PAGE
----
out of the cellar for fifteen minutes, the doors Visa bill. He could even, before too long, put
might open for him to pick up the basketball down a payment on a car that could hold a
job, double his take-home, and at some quart of oil, get the Buddha off his back
juncture rent a condo down the shore. about his carbon footprint.

The Recruiter-Mentors trajectory, from resistance to acceptance, bookends the two novels.
B9 and TAOF both open their baseball plots with this character, at practice on a baseball fieldand each
novels baseball finale is a reprise, with a new spin, of his action in the opening.

B999.4%
TAOF99.8%

Mike Schwartz watches the Prodigy field grounders at a tournament to which he came as an opponent and
sees the Prodigy as his teams salvation from its endless losing streak. (p. 510)

Willie Chance stroking flies over his players heads, as an expression of his contempt for their
indifference to winning and of his frustration with being stuck in this dead-end coaching position. (p. 154)

V. Content Overlap in Patterned ClustersMeat meets Potatoes

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To close this section of text analysis, let us take a look at one more such odd sequence of action that has
nothing to do with baseball, and yet traces the same pattern in both books, in diverse elements: imagery,
character psychology, narrator tone, conflicts, props, sound effects and specific behaviors.

The idiosyncratic yet uncannily alike sequences proceed from the same dramatic context:
The Recruiter-Mentor provokes the Adult Offspring by sneeringly invoking the Fathers achievements and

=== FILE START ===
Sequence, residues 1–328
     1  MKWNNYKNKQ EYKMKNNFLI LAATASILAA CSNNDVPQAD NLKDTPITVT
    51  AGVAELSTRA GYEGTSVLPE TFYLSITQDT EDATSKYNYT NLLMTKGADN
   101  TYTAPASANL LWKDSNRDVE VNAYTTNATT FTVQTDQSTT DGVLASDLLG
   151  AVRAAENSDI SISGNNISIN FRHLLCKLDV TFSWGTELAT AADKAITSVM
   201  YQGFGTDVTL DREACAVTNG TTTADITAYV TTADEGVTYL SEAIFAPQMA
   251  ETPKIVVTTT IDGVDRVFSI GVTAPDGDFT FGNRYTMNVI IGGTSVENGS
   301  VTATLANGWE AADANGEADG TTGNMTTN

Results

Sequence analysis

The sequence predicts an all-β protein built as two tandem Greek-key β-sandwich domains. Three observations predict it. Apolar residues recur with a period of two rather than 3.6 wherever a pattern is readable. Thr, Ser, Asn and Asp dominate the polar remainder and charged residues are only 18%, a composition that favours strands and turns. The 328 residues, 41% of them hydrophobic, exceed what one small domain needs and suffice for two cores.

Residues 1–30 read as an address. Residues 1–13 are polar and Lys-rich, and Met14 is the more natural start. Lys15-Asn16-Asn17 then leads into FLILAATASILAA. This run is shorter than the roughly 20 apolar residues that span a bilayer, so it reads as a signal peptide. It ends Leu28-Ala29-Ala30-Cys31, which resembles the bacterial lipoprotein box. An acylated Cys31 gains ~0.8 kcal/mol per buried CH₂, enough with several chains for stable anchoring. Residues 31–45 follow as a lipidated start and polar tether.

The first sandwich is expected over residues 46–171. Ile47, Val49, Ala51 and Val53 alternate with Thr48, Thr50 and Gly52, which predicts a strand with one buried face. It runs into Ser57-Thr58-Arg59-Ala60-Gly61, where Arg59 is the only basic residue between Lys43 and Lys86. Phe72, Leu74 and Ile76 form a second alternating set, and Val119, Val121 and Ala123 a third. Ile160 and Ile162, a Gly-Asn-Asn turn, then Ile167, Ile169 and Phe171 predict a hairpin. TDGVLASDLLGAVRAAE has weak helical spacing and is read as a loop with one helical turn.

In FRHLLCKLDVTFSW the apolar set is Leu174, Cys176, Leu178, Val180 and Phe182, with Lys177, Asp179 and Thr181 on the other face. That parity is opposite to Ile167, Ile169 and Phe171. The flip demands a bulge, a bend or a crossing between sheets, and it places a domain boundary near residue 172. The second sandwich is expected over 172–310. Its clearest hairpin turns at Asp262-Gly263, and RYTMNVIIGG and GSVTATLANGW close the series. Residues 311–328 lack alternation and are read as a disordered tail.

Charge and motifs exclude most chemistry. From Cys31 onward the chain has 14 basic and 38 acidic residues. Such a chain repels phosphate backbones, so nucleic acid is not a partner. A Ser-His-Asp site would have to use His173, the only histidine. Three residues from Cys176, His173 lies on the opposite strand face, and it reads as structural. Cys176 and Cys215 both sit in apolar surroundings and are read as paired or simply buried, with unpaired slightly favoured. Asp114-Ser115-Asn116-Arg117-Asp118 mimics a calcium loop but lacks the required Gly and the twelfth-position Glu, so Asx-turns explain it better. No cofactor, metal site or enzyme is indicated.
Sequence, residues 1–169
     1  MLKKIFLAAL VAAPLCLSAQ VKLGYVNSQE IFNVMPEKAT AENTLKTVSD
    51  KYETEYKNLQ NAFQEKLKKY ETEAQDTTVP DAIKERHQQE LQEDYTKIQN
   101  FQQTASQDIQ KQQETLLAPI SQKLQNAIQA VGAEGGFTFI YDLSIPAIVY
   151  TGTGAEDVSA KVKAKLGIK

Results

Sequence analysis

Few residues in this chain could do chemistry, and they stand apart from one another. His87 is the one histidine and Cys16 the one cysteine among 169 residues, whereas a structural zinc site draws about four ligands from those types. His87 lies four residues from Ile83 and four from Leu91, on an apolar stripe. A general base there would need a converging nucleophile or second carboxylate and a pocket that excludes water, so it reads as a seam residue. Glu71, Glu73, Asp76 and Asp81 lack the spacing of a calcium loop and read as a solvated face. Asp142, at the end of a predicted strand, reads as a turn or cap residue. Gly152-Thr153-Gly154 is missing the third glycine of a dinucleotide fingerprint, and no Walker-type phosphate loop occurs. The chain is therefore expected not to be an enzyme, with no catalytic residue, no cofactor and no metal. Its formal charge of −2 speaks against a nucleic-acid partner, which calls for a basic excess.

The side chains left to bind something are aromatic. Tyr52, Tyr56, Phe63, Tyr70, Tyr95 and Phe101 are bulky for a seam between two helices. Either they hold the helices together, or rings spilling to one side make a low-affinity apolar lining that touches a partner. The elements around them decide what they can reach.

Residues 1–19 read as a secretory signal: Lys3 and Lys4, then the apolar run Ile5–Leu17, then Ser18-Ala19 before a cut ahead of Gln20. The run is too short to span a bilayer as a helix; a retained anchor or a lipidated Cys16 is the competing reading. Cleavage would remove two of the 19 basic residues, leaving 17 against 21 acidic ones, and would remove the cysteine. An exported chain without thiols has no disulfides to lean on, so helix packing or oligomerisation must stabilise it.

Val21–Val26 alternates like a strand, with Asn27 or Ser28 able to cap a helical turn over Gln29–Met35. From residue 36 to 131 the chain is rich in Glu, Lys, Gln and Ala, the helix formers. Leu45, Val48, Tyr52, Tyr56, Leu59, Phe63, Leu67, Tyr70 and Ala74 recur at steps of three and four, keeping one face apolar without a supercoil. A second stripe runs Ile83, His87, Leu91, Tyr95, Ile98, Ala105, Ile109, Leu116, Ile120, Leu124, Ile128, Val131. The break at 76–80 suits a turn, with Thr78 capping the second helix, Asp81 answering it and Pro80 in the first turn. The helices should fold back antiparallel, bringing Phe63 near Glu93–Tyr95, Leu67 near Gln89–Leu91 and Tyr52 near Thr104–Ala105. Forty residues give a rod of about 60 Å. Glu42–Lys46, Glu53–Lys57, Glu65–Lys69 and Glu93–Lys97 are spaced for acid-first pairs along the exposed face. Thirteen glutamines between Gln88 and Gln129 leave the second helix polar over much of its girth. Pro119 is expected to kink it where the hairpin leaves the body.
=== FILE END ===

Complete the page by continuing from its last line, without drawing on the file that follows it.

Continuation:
exalted position to diminish the Adult Offspringwho storms out and slams door.
B9, p. 25 TAOF, p. 243
The screen door slammed. The bedroom door slammed, as did the front
door.
While this is essentially rote, action both narrators choose the less common usage of the transitive verb
the character doesnt slam the door, the door itself slams.
The Adult Offspring then seeks an inanimate object to assault, as an expression of rage:
B9, pp. 24-25 TAOF, pp. 248-249
I line up the metal dumpster and hit it hard [Pella] cuffed the skinny knotted trunk of
enough to sprain three knuckles on my a staked campus sapling with an open-handed
throwing hand. A couple more swigs and slap. Hate hate hate. she gave the tree
jabs, and irony sets in because my fingers angry roundhouse slaps with alternate
gnarl like winter branches around the bottle hands.
of peach schnapps. The finger was either sprained or broken.

Each turns, figuratively, into a boxer working a heavy bag.


[Pella] wound up to give the tree one last cleansing whack, but she swung too hard and, instead
of cuffing the trunk with her palm, her middle finger struck the knotty bark awkwardly. (p. 249)
Why does Pella need to damage her knuckle, given the gymnastics required?
Through the forward action, this injury is to figure in both novels as the physical, concrete reminder of the
characters rashness and volatility. These bruised knuckles will make three more appearances over the
coming twenty-five pages in B9, five more over the coming forty pages in TAOF.
These repeated references to the injured knuckles advance from simple paraphrase:
B9, p. 52 TAOF, p. 249